Africa builds ‘Great Green Wall’ of trees to improve farmlands (Science Alert) 

To mitigate environmental issues affecting Africa such as land degradation, the effects of climate change, and a loss of biodiversity, Senegal is leading a 20-nation initiative known as the Great Green Wall. Most notably, this initiative involves erecting a wall of trees across the southern edge of the Sahara desert, which will be 14 km wide and 7,600 km long. When completed, it will be the largest horticultural feature in history. The initiative will also focus on establishing sustainable farming and livestock cultivation, and improving food security.

Africa builds ‘Great Green Wall’ of trees to improve farmlands (Science Alert)

To mitigate environmental issues affecting Africa such as land degradation, the effects of climate change, and a loss of biodiversity, Senegal is leading a 20-nation initiative known as the Great Green Wall. Most notably, this initiative involves erecting a wall of trees across the southern edge of the Sahara desert, which will be 14 km wide and 7,600 km long. When completed, it will be the largest horticultural feature in history. The initiative will also focus on establishing sustainable farming and livestock cultivation, and improving food security.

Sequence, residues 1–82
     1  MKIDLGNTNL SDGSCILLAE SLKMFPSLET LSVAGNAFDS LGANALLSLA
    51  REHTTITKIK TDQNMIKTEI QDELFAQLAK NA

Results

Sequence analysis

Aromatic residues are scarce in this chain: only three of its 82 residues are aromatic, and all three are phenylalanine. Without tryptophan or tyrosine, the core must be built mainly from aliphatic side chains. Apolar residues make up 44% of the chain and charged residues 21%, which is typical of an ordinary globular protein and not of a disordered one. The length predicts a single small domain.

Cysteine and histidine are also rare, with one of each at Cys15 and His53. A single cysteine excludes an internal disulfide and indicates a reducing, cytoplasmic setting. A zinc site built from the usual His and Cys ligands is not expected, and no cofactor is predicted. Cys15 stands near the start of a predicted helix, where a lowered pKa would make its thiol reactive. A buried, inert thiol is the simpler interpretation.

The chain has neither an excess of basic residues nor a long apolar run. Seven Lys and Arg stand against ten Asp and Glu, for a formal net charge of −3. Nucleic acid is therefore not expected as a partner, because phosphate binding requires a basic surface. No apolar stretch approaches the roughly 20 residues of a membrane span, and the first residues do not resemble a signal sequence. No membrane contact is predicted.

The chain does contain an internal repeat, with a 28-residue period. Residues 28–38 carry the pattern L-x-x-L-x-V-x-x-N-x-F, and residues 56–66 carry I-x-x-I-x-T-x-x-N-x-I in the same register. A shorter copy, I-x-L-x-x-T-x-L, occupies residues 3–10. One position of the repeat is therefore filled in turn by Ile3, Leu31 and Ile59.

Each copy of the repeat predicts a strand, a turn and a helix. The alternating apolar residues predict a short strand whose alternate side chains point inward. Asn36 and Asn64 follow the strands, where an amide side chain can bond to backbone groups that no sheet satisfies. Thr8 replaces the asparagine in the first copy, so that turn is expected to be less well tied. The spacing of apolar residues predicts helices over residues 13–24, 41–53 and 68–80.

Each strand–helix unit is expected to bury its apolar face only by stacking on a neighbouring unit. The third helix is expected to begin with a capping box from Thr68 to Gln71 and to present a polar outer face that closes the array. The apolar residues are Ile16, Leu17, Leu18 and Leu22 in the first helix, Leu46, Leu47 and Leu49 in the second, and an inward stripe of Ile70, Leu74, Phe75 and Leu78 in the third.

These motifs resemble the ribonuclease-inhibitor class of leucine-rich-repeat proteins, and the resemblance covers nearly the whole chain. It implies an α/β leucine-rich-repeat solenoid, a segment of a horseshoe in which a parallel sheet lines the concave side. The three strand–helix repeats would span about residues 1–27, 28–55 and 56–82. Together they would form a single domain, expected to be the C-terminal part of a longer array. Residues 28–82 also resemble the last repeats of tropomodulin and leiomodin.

The Caribbean Sea, viewed from 225 miles above in orbit aboard the International Space Station. Taken while facing northward, the arc of city lights in the upper portion is Miami, Florida. (via The Atlantic)

The Caribbean Sea, viewed from 225 miles above in orbit aboard the International Space Station. Taken while facing northward, the arc of city lights in the upper portion is Miami, Florida. (via The Atlantic)

'Who's Going to Question It?': How U.S. Soldiers Murdered Afghan Civilians - The Atlantic:

In this excerpt from The Kill Team, a documentary by Academy Award-nominee Dan Krauss, U.S. Army soldiers recount the shocking ease with which civilians were murdered in Afghanistan. “Just buy a hand grenade off the books,” says Spc. Adam Winfield. “That’s all you need.”

Three of the soldiers interviewed, including Winfield, Cpl. Jeremy Morlock, Pfc. Andrew Holmes, were ultimately sent to prison for premeditated attacks on innocent Afghans. The documentary follows Winfield’s trial at length, as Krauss considers the roles that conflict, violence, and moral ambiguity played in the “kill team” crimes. For a detailed account of this story, I recommend reading Mark Boal’s exposé in Rolling Stone and Luke Mogelson’s piece in the New York Times Magazine.